Eight starts in, Chris Sale is right on track

Twirling towards freedom. - Jonathan Daniel

One-hitter boosts Cy Young stats closer to 2012 levels, but he's lasting longer and throwing harder than last year

Chris Sale reached the quarter pole of his second full season as a starter in rather ho-hum fashion. All he did was one-hit the Angels for his first career shutout, needing only 98 pitches to do it.

Here are the highlights, if you missed the game for some stupid reason:

When you look at Sale through eight starts in his first season to the second, his Cy Young stats are a bit diminished, but nine shutout innings almost has him caught up:

W-L ERA IP H HR BB K WHIP BAA BABIP
2012* 5-2 2.50 50.1 39 3 14 46 1.05 .209 .261
2013 4-2 2.88 56.1 41 6 12 49 0.94 .201 .235

*includes one relief appearance

However, look beyond the slightly worse ERA and strikeouts, and you'll see signs that he's taken steps in his development.

Efficiency

Sale is going nearly an inning deeper into games than he did over his first eight starts

  • 2012: 6.16
  • 2013: 7.04

He's working a little harder, but he's working considerably smarter:

  • 2012: 100.5 (16.29/IP)
  • 2013: 103.0 (14.63/IP)

After throwing 192 innings in 2012, Sale is on pace for 224 innings this year. That's probably the high end of his range, because if the Sox are eliminated earlier than they usually are, Robin Ventura shouldn't feel a need to whip him to the finish line. Optimistically, if the Sox do need him at full-power for 32 starts, he's on a better pace to sustain it.

Stuff

Sunday night was the first time all season that Sale really had full command of his slider. He'd caught Jose Quintana's inability to spot it on the outer half to righties, although Sale has that changeup to cover for the absence of a breaking ball on that side of the plate. His shakier command has made him a little more susceptible to the long ball than usual, but if he can summon the same kind of control in his next start, he might be able to rattle off a few similar starts.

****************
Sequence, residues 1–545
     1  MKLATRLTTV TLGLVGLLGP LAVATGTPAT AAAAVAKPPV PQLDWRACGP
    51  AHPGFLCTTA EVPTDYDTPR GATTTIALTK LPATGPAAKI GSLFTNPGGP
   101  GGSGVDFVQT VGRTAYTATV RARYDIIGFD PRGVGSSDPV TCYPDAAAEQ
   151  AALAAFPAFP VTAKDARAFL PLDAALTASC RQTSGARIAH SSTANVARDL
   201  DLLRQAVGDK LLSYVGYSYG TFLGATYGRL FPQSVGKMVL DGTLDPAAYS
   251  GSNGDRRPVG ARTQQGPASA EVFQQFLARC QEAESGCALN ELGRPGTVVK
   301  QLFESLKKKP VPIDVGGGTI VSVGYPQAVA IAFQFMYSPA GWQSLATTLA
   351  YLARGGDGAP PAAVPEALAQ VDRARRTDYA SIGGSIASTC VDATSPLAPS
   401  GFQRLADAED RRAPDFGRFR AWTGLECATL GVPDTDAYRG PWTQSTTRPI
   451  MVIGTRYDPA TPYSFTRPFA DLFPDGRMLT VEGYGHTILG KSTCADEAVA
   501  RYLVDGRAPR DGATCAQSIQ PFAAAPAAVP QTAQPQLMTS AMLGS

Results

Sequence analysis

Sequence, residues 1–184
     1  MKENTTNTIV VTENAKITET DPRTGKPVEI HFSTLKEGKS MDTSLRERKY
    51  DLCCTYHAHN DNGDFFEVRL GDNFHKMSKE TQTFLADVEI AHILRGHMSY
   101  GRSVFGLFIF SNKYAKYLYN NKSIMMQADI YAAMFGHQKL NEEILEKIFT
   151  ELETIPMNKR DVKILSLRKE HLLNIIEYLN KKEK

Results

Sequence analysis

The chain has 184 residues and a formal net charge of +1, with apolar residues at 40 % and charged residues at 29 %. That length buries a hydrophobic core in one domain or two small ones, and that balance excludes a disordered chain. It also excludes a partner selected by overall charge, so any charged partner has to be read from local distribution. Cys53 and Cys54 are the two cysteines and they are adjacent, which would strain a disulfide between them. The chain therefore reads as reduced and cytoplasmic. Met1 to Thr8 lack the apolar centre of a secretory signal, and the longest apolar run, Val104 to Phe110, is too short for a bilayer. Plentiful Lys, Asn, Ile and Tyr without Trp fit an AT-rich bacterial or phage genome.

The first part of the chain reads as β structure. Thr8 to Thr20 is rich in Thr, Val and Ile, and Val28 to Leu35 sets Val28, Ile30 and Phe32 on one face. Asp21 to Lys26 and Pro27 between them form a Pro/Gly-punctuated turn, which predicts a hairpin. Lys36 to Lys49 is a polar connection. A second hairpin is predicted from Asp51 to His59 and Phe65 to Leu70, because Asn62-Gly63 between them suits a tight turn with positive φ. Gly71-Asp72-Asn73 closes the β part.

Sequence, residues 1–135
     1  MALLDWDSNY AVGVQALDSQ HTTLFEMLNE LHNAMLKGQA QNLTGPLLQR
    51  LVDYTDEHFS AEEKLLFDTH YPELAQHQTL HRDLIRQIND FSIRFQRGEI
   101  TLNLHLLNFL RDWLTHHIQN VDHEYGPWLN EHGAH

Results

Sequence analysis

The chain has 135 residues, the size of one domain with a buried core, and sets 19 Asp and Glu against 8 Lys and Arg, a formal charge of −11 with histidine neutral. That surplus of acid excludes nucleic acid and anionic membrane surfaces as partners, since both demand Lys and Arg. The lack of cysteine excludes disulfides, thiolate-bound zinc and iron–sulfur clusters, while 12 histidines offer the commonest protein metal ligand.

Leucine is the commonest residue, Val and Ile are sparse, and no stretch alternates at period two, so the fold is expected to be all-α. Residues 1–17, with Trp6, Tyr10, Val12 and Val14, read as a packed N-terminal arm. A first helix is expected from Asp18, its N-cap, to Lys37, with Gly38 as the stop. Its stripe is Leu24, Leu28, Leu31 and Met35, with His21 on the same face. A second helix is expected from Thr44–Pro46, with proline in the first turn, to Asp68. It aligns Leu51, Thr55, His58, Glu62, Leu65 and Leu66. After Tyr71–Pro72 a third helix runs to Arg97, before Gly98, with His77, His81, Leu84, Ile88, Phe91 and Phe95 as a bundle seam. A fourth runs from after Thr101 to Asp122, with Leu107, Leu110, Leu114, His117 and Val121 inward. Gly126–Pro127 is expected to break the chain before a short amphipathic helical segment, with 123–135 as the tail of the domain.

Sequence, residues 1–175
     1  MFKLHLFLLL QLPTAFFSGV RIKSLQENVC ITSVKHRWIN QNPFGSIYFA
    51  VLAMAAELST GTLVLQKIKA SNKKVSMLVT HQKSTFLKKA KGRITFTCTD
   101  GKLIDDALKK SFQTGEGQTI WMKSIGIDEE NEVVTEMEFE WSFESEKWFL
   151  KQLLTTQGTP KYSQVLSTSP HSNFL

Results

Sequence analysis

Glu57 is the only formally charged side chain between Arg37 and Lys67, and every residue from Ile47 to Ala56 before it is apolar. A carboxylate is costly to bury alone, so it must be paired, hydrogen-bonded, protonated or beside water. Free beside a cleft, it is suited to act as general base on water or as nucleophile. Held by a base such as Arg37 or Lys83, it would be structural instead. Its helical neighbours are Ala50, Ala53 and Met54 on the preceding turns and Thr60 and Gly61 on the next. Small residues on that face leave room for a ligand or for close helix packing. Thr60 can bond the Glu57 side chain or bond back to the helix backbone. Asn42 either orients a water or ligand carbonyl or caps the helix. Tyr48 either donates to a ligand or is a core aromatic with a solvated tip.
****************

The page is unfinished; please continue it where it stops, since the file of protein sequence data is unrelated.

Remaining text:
But it also helps that he's confident in his fastball. The average velocity doesn't tell the story, because it's about the same through eight starts:

However, he's been a lot better at maintaining his best fastball, whether on a start-to-start or inning-to-inning basis.

By this time last year, a drop in velocity foreshadowed Sale's first dead-arm period of the year, prompting the Sox to give him a breather in the clumsiest fashion imaginable. This year, we haven't spent much time focusing on velocity, because he's not giving us any reason to.

Heck, he's not even tiring in games. During the ESPN broadcast, Orel Hershiser said that Sale would work around 94 in the early innings, but that he'd end up around 91 as the game went on. That was the case last year -- look at his velocity chart from his eighth start last year (he threw 96 pitches, which is convenient), and you'll see a gradual decline in his regular fastball as the game went on:

8sale2012_medium

But look at what he did against the Angels:

8sale2013_medium

We'll see if he can keep this up into the dog days, but let's just say that if Sale can always find 96 when he needs it, hold onto your butts.

We should give a little credit to Dylan Axelrod and Hector Santiago, because their sturdy work in replacement of two proven starts has allowed Sale to take the mound with the fullest rest possible. Sale used those extra days to his advantage last year:

Split W L ERA GS IP H HR BB SO WHIP
3 Days,GS 0 1 5.40 1 5.0 7 0 2 3 1.80
4 Days,GS 5 4 3.66 11 71.1 70 10 23 87 1.30
5+ Days,GS 12 3 3.11 13 114.2 89 9 25 101 0.99

Sale's splits don't quite match it this year, mostly because he threw that stinker against Cleveland on five days' rest. But now his best start of the season -- and his career, by game score -- also came on five days' rest. From all that can be derived from this limited amount of starts, it's best to let Sale use every scheduled rest period until proven otherwise.

With the rainouts and injuries, Ventura had sufficient reason to keep Sale on a strict every-five-days schedule. But Axelrod's resilience and Santiago's unbelievable flexibility give Ventura the confidence to keep Sale on an every-fifth-turn track instead, without suffering much of a drop-off.

Granted, with the lack of offense, any decrease in quality might mean the difference between a win and loss right now. But there's no point in wringing every bit of quality out of the pitching staff now when the current level of performance will be needed all season. That's especially the case for Sale, and at the moment, the returns on his maximum freshness are refreshing indeed.

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